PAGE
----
A new Breitbart/Gravis pollreleased Wednesday shows that more than two-thirds of registered voters oppose President Barack Obama’s surrender of control over the Internet Corporation for Assigned Names and Numbers (ICANN) to a multi-stakeholder group that includes foreign governments.
The transfer happened last weekend, on Oct. 1, despite vocal opposition from Congress and concern that regimes such as China, Russia or Iran could eventually censor free speech on the Internet.
The poll question asks: “The United States will relinquish its administrative control over the Internet to a private organization where other countries, which could include China, Russia and Iran, will have influence for the first time on the management of the Internet. Do you think this is a good idea or not?” 71% called the policy a “bad idea,” while only 7% called it a “good idea,” and 21% were “unsure.”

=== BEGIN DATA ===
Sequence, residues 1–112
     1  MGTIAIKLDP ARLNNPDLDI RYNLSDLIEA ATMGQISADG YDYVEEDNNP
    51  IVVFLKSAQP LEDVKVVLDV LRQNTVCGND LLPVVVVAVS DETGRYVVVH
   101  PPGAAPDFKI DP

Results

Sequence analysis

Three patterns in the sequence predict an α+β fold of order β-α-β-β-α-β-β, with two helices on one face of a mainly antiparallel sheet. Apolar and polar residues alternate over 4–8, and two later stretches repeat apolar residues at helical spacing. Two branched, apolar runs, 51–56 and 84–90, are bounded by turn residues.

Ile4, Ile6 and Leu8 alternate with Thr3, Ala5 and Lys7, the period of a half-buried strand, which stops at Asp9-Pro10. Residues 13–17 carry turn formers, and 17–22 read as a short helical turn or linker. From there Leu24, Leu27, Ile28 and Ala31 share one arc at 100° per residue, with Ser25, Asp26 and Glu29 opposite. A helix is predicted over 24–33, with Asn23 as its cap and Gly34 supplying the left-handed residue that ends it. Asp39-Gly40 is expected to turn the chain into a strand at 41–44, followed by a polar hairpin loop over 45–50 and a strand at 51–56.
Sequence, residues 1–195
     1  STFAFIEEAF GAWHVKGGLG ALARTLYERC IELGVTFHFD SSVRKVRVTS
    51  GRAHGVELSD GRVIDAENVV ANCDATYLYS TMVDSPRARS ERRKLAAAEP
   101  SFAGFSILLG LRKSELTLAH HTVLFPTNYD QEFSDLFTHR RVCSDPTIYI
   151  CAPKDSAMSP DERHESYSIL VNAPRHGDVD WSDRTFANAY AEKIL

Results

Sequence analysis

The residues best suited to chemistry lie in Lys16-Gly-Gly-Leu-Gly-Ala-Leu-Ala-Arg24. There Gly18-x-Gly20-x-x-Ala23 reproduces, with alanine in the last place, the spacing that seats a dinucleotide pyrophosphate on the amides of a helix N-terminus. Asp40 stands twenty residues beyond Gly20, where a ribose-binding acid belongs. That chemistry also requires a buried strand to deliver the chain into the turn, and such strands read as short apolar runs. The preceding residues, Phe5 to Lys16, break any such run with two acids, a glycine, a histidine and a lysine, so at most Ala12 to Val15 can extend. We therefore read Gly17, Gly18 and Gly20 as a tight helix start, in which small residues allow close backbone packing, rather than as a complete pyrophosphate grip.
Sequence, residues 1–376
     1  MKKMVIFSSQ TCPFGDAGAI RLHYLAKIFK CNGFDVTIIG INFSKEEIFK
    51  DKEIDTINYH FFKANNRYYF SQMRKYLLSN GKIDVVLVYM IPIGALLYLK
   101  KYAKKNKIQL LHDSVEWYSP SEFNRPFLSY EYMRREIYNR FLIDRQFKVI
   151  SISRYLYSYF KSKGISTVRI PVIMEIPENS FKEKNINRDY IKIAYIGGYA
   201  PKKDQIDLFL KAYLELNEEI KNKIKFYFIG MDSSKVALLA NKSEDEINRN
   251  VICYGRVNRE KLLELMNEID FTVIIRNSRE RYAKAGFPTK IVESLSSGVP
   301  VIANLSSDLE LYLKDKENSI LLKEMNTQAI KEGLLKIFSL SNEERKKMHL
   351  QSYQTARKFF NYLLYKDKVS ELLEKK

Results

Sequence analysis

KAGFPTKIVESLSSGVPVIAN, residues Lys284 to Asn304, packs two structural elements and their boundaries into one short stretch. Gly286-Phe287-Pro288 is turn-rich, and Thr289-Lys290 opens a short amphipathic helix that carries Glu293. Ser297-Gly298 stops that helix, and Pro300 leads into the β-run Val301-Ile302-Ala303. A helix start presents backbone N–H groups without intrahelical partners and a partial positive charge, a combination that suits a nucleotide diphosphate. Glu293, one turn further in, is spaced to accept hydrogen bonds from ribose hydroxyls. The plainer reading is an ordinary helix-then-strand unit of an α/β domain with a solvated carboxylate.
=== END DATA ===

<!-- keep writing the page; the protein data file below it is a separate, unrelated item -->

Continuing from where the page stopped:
Asked whether “this [is] an example of America’s weakening leadership in the world,” 51% of registered voters agreed, 36% disagreed, and 13% were unsure.
The poll was conducted Oct. 3 among 1,690 registered voters with a 2.4% margin of error.
The ICANN handover had been expected long ago, but was delayed by successive administrations, particularly as control of the root directory of the Internet became seen as a strategic asset. The Obama administration sought to appease international outrage over its eavesdropping on foreign leaders, revealed in Edward Snowden’s leaks about the National Security Agency, by transferring control of ICANN. Critics charge that there is no international body currently capable of overseeing ICANN, and that without the antitrust exemptions it had formerly enjoyed under U.S. law, it will eventually come under the control of the United Nations’ International Telecommunications Union, where repressive governments have considerable influence.